One person's receipt validation bug hardly means the "walled garden" (so sick of that term) is dangerous because his update review is taking a week. He's the one who made the mistake. Other computing platforms, such as consoles, have had centralized approval over software titles for decades. It's only become an issue to desktop users who are used to the Wild West and are experiencing a transition to the software model that has existed everywhere else for a long time.
By the way, anyone wanting automated Apple receipt validation code should look at Receigen on the Mac App Store. It generates a validation solution with each new version number.
The initial mistake certainly was the software author's but that's hardly the most important point.
There are at least three key issues brought out by the original post, IMHO:
1) By moving to the App Store distribution from a previous, independent distribution system, publishers have clearly taken a step backwards in terms of being able to push out bug fixes. This is a huge issue and it's irrespective of what other platforms have to live with. It's a clear downgrade of a valuable feature for end-users and that's a problem – particularly because it's largely driven by policy and not technical requirements.
2A) Even worse, Apple's gatekeeping is horribly broken – approval is so opaque as to almost seem arbitrary and therefore cannot be relied upon. This is not the author's fault.
2B) The standards for gatekeeping, such as they are, are not constant. It seems clear that features that were previously acceptable can become no longer acceptable if Apple deems them to be competitive with Apple products. Or, worse, if Apple alters their products in such a way as to overlap with the existing features of a product in the App Store, a program may no longer be approved – essentially without warning and with no grandfathering due to prior approvals.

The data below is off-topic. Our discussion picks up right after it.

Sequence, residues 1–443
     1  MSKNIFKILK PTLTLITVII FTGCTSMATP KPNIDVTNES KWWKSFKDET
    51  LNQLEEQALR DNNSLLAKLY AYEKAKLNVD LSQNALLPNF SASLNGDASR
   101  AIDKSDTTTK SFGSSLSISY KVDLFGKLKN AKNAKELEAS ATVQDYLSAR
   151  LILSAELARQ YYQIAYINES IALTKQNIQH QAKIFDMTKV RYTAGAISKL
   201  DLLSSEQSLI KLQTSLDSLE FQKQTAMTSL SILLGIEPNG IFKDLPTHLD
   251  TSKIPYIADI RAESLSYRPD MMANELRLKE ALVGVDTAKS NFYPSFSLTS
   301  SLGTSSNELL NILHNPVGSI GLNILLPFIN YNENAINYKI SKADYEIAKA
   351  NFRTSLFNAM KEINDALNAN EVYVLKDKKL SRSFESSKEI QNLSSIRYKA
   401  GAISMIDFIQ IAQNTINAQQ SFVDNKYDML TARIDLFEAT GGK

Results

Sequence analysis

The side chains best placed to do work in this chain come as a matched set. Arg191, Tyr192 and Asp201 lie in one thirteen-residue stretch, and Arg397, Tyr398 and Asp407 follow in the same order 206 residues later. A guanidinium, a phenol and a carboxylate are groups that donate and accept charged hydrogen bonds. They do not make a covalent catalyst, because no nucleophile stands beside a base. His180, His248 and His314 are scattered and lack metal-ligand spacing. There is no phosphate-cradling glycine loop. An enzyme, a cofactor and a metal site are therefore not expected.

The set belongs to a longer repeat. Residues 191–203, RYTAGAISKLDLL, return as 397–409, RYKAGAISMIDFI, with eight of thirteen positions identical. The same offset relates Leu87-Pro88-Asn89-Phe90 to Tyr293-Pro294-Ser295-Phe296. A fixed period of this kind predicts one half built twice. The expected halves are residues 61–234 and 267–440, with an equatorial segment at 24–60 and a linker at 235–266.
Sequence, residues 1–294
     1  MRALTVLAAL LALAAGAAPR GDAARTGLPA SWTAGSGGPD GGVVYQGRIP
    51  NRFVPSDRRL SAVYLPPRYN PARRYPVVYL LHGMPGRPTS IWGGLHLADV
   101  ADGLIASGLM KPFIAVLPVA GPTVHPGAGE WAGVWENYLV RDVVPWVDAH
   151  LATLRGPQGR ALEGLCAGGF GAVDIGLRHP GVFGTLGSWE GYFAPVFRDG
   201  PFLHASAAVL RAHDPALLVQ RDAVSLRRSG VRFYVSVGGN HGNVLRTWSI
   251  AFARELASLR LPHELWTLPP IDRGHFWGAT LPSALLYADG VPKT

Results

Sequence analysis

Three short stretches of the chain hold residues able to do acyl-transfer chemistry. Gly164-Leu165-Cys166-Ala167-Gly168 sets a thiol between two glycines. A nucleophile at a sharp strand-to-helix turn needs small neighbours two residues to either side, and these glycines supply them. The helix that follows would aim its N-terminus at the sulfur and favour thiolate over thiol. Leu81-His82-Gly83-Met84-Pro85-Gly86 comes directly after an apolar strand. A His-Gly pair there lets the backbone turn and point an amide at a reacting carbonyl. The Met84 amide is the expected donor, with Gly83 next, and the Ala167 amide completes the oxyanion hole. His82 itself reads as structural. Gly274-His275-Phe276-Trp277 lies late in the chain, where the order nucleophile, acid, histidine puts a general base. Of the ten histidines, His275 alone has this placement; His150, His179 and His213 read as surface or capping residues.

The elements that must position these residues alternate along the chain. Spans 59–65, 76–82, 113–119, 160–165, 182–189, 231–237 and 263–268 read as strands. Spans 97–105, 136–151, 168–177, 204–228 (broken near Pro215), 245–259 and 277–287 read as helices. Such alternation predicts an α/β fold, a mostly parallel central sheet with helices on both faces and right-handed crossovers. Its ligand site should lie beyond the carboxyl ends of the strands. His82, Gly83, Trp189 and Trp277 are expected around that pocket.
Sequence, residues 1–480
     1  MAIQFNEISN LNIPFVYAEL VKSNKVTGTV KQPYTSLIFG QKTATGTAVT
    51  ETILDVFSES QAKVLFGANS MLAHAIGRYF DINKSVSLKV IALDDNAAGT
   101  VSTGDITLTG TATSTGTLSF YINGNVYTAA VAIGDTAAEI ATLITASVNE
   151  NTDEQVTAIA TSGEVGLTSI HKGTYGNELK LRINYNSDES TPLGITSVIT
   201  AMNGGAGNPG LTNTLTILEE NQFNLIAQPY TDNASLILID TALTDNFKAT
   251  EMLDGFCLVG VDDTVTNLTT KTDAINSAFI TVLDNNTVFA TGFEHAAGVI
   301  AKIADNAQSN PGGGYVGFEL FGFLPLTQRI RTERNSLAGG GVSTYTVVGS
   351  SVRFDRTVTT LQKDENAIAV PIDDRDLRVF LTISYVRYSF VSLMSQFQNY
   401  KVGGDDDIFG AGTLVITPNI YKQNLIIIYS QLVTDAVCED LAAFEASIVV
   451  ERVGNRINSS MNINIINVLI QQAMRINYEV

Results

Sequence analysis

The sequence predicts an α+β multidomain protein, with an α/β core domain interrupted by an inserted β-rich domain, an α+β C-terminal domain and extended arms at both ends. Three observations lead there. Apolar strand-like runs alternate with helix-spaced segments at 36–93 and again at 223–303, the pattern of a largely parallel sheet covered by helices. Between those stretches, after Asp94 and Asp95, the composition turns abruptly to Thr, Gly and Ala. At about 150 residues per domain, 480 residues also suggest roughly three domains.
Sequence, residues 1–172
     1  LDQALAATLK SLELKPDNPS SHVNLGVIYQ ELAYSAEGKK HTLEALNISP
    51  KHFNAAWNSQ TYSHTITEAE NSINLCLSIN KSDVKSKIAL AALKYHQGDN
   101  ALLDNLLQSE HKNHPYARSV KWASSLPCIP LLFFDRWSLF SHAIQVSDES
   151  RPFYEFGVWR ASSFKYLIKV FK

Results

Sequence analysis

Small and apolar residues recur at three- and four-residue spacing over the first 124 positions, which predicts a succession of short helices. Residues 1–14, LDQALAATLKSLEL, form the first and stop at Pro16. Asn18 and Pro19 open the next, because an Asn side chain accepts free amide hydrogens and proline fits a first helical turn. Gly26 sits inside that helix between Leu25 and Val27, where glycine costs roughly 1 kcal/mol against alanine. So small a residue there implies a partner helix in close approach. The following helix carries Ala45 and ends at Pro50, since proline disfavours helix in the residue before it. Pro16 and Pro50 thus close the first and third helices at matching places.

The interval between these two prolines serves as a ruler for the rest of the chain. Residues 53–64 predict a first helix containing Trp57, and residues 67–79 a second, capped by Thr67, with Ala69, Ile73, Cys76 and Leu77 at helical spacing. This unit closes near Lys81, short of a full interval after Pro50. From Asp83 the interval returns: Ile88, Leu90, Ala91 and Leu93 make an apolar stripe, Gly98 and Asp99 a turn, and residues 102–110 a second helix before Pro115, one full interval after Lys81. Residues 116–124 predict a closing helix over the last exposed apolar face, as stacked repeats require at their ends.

So, yes, this story says a lot about the controlled environment of a walled garden ecosystem.
I do have to agree that the term walled garden is completely inaccurate to models companies like Apple are pushing towards. More accurate would be calling it a cell block; you gotta do what the warden wants, when the warden wants, regardless of how arbitrary it is. Apple's push towards centralization is why my mac mini is now sitting unplugged on a shelf -- it's becoming harder and harder to do neat things under the apple system because you have to ask for permission every five minutes.
I buy computers, because I want programmable tools that I can use for my purposes. I don't buy game consoles. As Apple pursues the game consolization of the Mac, many of us who are "experiencing the transition" are finding the Mac less and less appealing, but Apple is after the general consumer electronics market. They're making it clear that they can happily do without people like me--there just aren't enough of us to matter.
And ironically, despite caring less and less about users like me, they still get my business, because the other computer makers are degrading so badly.
If only someone were interested in making a computer for the rest of us [sigh...]